Last week, a major new oil pipeline was completed to connect processing facilities in Oklahoma with port refineries near Galveston, Texas, according to Platts.Drillers are celebrating.
But many Americans will soon begin to feel some pain at the pump.
Here’s the situation:
For years now, there’s been a massive bottleneck of crude at the deposit hub in Cushing, Okla. thanks to America’s domestic crude production boom.
It’s at Cushing that drillers send their product to be bought by refiners. (And it’s where the West Texas Intermediate benchmark price gets its name.)
But because of the supply glut, wholesalers have been able to bid down the price they’ve been paying.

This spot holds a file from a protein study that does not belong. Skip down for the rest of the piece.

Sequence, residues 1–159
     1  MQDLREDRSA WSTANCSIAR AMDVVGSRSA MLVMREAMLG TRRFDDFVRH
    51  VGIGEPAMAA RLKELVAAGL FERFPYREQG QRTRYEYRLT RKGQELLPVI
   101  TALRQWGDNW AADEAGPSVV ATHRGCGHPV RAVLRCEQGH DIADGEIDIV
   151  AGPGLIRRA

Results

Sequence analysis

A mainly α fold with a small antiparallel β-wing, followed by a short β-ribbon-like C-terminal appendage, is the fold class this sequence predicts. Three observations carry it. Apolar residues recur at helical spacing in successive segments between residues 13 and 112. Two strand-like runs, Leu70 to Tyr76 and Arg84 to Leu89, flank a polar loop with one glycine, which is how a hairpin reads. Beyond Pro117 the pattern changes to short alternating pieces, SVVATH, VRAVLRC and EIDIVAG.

As a result, states with easy access to Cushing product, especially in the Midwest, have enjoyed lower prices in recent years than other states on the East and West Coasts.
Those coast states must buy their oil at the worldwide Brent price.
But the new pipeline, called the Seaway, now has the capacity to carry all that new crude to the coast for export.
This means the bottleneck at Cushing will ease, which means less supply for people who buy at Cushing.
This means…higher gas prices.
SEE MORE: All The Factors That Affect Gas Prices >
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